received a renal transplant during follow-up tended to be younger, male, white,
and free of diabetes, and spent a shorter time undergoing dialysis before
being placed on the transplant waiting list (Table 1). Median time undergoing dialysis before placement on the
transplant waiting list was 196 days (range, 0 days-9.10 years), with 22 766
patients being listed before initiating dialysis. The median follow-up time
after being placed on the transplant waiting list was 2.98 years (range, 1
day-10 years). With respect to patients who received a transplant, median
time from being placed on the waiting list to the time of transplantation
was 200 days (range, 0 days-8.56 years), with 9349 patients undergoing transplantation
on the day of their first recorded dialysis session.
Hip fracture rates observed in the study are displayed in Table 2. A total of 971 patients experienced an incident hip fracture
during the total follow-up time of 314 767 person-years. Increasing age,
female sex, white race, diabetic nephropathy, increasing length of time undergoing
dialysis before being listed for transplantation, and receiving a renal transplant
were all associated with increased estimates of the incidence of hip fracture.
The observed incidence rate of hip fracture in patients who did not undergo
transplantation was 2.9 fractures per 1000 person-years compared with 3.3
fractures per 1000 person-years for patients who underwent transplantation.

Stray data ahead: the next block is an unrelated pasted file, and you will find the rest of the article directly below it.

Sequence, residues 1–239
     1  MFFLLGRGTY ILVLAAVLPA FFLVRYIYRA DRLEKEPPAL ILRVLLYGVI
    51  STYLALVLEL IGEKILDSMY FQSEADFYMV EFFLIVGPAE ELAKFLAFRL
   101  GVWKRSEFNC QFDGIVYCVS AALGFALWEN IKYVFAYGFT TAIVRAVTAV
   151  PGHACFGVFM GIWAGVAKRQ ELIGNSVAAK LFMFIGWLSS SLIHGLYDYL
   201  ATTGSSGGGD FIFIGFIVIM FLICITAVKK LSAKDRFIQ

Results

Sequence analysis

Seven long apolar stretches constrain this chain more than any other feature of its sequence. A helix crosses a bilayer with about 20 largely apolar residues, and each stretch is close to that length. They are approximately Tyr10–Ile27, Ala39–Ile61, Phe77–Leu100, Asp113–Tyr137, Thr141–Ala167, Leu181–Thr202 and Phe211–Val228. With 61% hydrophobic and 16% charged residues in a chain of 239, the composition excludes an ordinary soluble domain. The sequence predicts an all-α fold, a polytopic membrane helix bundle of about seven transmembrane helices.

Cox regression estimates are presented in Table 3. After adjustment for other factors in the table, age was
a strong risk factor for fracture. For each decade of life, the risk of hip
fracture was estimated to be 55% higher (95% confidence interval [CI], 1.47-1.64; P<.001). Patients aged 56 to 70 years experienced a
3.27-fold greater risk of hip fracture compared with patients younger than
40 years (95% CI, 2.77-3.87; P<.001). Women were
estimated to have a 64% greater risk of hip fracture compared with men (95%
CI, 1.44-1.86; P<.001). After adjustment for other
covariates of interest, black patients were estimated to have experienced
a 62% lower risk of hip fracture compared with white patients (95% CI, 0.32-0.45; P<.001). Patients with diabetic nephropathy were estimated
to have a nearly 3-fold greater risk of hip fracture compared with those without
diabetic nephropathy (adjusted RR, 2.96; 95% CI, 2.61-3.36; P<.001). For each month of dialysis before being placed on the transplant
waiting list, the risk of hip fracture was estimated to be 2% higher (95%
CI, 1.02-1.03; P<.001). Patients who underwent
dialysis for more than 12 months before placement on the transplant waiting
list were estimated to have a risk of hip fracture 91% higher than patients
undergoing dialysis treatment only 0 to 3 months before being listed (95%
CI, 1.60-2.26; P<.001).
After adjustment for age, sex, race, diabetic nephropathy, and time
undergoing dialysis before being placed on the transplant waiting list, patients